Regenesis Ltd has a business relationship with up to ten top end travel designers (agents) in
each major geographical market including the USA, UK, Russia, as well as German and French
speaking European countries. To date South America, and the Middle or Far East have not
been targeted. Ol Lentille is also a member of “The Net”, an exclusive network of travel
Regenesis Ltd uses marketing representatives in North America and UK (for the rest of the
world) who provide support in selling the product, promoting it to agents, distribute brochures
and obtain feedback and statistics on the market opportunities.
Regenesis Ltd normally only promote Ol Lentille once a year at the annual International Luxury
Travel Market held in the south of France although they have been invited to ‘PURE Life
Experiences’, the world's first travel trade exhibition focused on organizing productive business
meetings between the finest Private Travel Designers and suppliers from the exploding industry
of Experiential Travel.
Regenesis and The Kijabe Trust are members of the LWF, one of the leading conservation
organisations in East Africa. No marketing or public relation activities are undertaken by the
Kijabe Group Ranch directly although they have been very helpful and have photogenic
sceneries that can be used in developing materials to help sell the venture.
Although not seemingly a large marketing effort, Ol Lentille has ventured to new PR
opportunities including the use of the social network site Facebook. Additionally, Ol Lentille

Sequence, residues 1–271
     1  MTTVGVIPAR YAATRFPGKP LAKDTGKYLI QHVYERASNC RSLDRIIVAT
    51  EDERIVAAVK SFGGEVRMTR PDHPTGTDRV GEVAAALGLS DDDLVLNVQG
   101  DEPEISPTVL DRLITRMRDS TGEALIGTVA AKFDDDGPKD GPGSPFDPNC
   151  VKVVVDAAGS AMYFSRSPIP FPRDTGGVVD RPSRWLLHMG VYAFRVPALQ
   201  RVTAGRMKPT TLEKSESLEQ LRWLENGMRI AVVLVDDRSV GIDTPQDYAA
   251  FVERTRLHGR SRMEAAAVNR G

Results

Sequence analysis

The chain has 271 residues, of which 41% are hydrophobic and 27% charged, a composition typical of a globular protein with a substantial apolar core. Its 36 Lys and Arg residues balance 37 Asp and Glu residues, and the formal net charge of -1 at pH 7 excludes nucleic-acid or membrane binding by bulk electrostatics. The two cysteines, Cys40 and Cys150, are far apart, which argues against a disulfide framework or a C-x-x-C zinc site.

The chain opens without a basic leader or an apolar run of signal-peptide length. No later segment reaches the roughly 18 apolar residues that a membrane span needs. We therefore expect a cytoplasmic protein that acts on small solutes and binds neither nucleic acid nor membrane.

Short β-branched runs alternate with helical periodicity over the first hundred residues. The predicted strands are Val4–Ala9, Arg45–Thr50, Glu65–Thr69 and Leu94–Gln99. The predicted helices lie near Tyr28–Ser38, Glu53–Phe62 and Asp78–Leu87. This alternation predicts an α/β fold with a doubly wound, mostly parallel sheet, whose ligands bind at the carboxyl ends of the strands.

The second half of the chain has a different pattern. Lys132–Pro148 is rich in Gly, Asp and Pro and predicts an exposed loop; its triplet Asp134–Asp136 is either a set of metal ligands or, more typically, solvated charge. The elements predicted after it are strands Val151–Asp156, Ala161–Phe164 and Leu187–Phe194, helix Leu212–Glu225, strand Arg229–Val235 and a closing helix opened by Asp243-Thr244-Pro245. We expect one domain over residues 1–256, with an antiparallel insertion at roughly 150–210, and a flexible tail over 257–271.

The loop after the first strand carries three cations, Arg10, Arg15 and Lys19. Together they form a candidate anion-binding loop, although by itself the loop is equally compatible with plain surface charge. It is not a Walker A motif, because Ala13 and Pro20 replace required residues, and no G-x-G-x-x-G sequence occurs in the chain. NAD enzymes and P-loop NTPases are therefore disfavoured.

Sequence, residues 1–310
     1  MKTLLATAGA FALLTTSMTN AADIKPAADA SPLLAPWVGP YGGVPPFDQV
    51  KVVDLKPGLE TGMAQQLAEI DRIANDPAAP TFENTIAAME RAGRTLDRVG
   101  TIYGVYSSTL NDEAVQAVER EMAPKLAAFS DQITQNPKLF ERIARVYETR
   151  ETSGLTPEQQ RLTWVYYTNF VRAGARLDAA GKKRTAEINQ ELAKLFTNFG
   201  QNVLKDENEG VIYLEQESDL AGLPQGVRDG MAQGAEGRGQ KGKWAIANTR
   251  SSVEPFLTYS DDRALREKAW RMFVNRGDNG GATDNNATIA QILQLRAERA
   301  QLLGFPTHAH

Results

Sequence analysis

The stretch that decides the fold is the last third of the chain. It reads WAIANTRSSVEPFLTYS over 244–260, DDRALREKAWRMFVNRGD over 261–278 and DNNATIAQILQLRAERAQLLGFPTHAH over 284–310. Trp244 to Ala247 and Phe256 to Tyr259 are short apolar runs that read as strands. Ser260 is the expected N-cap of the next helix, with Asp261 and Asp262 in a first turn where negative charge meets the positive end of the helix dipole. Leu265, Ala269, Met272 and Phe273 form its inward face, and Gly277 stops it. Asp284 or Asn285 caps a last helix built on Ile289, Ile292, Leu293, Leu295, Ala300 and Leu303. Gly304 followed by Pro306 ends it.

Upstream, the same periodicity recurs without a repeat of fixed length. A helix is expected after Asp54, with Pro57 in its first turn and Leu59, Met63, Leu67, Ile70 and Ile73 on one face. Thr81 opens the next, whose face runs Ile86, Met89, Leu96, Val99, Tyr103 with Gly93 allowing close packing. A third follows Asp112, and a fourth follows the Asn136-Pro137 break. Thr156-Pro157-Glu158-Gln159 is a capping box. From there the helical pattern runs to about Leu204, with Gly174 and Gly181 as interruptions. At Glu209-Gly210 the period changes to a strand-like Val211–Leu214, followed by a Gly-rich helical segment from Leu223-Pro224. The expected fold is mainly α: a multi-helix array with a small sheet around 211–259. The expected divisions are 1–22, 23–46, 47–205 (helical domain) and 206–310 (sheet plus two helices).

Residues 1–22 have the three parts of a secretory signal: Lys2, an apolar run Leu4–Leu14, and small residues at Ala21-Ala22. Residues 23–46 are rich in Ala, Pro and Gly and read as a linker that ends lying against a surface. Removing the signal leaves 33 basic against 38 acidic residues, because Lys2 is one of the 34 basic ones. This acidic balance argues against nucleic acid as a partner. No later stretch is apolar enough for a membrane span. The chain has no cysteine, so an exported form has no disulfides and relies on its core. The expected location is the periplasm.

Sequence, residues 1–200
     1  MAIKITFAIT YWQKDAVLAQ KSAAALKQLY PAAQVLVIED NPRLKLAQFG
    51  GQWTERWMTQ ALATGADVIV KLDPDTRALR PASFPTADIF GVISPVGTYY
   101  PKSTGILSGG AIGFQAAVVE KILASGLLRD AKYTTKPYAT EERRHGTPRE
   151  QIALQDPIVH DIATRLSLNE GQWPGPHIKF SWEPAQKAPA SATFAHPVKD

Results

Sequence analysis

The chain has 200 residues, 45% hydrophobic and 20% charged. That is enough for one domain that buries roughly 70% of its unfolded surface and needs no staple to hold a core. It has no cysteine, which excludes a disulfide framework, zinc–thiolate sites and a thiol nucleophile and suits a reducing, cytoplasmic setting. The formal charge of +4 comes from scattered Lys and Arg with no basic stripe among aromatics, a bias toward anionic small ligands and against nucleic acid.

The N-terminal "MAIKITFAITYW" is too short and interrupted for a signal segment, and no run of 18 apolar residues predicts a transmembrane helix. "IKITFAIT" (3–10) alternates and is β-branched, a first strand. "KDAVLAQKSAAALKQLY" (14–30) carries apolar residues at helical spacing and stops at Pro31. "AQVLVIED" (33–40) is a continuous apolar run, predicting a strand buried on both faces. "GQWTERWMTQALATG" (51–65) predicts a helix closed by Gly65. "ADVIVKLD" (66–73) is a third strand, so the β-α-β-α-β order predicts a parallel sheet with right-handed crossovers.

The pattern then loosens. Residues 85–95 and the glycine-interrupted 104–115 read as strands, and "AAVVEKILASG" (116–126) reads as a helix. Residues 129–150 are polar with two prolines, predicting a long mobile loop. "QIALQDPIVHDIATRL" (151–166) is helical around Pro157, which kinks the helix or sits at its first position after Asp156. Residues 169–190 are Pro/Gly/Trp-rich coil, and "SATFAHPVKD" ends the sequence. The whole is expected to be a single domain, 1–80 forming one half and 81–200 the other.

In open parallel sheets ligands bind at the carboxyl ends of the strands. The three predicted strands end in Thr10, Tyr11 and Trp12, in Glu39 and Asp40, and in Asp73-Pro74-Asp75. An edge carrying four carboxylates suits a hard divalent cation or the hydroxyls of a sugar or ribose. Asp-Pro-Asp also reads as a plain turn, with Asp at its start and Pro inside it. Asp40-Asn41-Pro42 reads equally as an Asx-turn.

marketing opportunities which they may or may not have been aware of but appear online
through a simple Goggle search, and include promotion on numerous websites.
Ol Gaboli Community Lodge
Ol Gaboli has and does undertake very limited marketing and/or public relations work. The
lodge acknowledges its limited capacity and high reliance on others. It is looking at the
development of an independent website to help promote itself through donor support. The
manager highlighted that a key component to its future marketing and PR is local
communications (phone and internet) connectivity at the lodge, including relevant office
However, there was no discussion on whether the development of communications and website
would help the lodge manage its own bookings. The question of capacity in managing these
tools appropriately must be considered. Ol Gaboli and the OMC recognize the limited marketing
capacity and therefore it was though best to try and partner with someone else to enable the
business to grow and for the community to learn from such a partnership.
RVA has undertaken the lion’s share of marketing for Ol Gaboli as it was critical to its business
development and selling of its adventure products. RVAs market is predominantly school groups
Ecotourism in Northern Kenya Policy Brief_KLCT_0709